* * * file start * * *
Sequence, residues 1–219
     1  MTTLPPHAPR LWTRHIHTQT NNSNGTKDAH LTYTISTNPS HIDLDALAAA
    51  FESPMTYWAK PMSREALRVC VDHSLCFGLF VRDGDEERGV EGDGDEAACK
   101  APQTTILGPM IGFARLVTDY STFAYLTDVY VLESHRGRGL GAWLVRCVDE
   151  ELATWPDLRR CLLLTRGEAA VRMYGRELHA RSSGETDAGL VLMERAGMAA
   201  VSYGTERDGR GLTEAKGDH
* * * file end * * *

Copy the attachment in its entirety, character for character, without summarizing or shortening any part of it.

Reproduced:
Sequence, residues 1–219
     1  MTTLPPHAPR LWTRHIHTQT NNSNGTKDAH LTYTISTNPS HIDLDALAAA
    51  FESPMTYWAK PMSREALRVC VDHSLCFGLF VRDGDEERGV EGDGDEAACK
   101  APQTTILGPM IGFARLVTDY STFAYLTDVY VLESHRGRGL GAWLVRCVDE
   151  ELATWPDLRR CLLLTRGEAA VRMYGRELHA RSSGETDAGL VLMERAGMAA
   201  VSYGTERDGR GLTEAKGDH